A sixth $50 million class is based on all the perils together. This class pays out to Swiss Re with the first occurrence of any one peril in the basket at a level of severity higher than in the peril’s single-class form.
Pioneer is unique because it addresses a catastrophe securities market shortfall in which large issues based on one risk, say $500 million on US hurricane risk, dominate the market at the time of their issue. This dominance widens the spread an issuer has to pay due to the lack of diversification potential for investors elsewhere in the small, fairly illiquid catastrophe risk market. “The way it’s been in the past with the lumpiness of issuance is that people have been unable to buy a whole lot of them at a tight price, because there’s nothing to diversify it against,” said an investor familiar with the deal. This is especially frustrating to investors whose mandates require specified levels of catastrophe risk portfolio diversification or who are prevented from rebalancing their portfolios by trading in the secondary markets for catastrophe risk, said the investor.
By the terms of the deal, Swiss Re Capital Markets may issue more securities within any of the structure’s six catastrophe risk classes at quarterly intervals up to a final total of $2 billion. By allowing several risks to be issued together on a regular basis, Pioneer allows investors to build their portfolios in a diversified manner. Issuance will be determined by market demand, gauged in part by pricing for a previous quarter’s Pioneer issue.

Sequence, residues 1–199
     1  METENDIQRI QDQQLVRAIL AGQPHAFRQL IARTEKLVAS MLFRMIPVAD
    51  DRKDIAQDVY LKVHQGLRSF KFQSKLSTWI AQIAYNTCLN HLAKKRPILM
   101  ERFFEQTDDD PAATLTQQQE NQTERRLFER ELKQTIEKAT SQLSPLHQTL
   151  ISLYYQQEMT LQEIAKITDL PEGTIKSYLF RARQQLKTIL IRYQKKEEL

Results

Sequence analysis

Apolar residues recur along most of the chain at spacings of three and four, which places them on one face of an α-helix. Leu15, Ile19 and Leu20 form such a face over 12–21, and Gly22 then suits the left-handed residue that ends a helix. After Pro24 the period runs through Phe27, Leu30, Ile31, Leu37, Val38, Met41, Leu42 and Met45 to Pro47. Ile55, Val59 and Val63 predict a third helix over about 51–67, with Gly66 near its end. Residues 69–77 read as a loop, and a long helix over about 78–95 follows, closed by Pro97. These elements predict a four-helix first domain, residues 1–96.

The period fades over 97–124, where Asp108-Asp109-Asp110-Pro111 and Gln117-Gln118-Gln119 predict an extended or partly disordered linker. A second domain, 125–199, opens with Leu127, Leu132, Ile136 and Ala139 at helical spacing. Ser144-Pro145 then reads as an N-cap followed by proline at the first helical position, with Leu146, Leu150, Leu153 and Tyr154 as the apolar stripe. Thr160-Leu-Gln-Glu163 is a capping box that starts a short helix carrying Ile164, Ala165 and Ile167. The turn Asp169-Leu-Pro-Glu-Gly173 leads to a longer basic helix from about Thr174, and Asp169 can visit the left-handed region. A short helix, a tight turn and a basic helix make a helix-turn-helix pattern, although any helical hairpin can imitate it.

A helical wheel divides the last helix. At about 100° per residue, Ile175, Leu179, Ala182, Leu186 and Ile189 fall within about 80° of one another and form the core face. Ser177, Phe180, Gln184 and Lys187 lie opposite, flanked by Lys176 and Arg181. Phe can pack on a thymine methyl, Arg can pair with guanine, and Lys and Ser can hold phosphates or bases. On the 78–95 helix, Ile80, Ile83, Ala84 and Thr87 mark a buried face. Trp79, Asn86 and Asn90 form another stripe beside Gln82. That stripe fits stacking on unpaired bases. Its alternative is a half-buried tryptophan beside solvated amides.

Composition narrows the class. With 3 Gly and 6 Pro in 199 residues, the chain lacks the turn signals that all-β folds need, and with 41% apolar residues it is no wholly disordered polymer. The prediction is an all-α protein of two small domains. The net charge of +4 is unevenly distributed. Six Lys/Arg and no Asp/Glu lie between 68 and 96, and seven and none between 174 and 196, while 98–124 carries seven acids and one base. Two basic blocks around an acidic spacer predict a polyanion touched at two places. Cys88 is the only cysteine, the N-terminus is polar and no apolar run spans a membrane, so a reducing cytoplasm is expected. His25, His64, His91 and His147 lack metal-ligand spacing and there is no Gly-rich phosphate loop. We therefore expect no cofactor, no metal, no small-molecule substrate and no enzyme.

According to the investor, five classes will be rated BB+, while the central US earthquake class is expected to be BBB-. Swiss Re Capital Markets is not committed to issue any future securities under Pioneer in any one of the perils. For example, all the remaining issues could be in the North Atlantic hurricane risk class, though that would be unlikely, said the investor.
Swiss Re officials did not return calls by press time. Officials at Lehman Brothers, which is said to co-manager on the deal with Swiss Re Capital Markets, could not be reached by press time. An official at EQECAT, the Oakland, California-based insurance risk consulting firm, said to have modelled the deal, declined to comment.
The week on Risk.net, December 2–8, 2016Receive this by email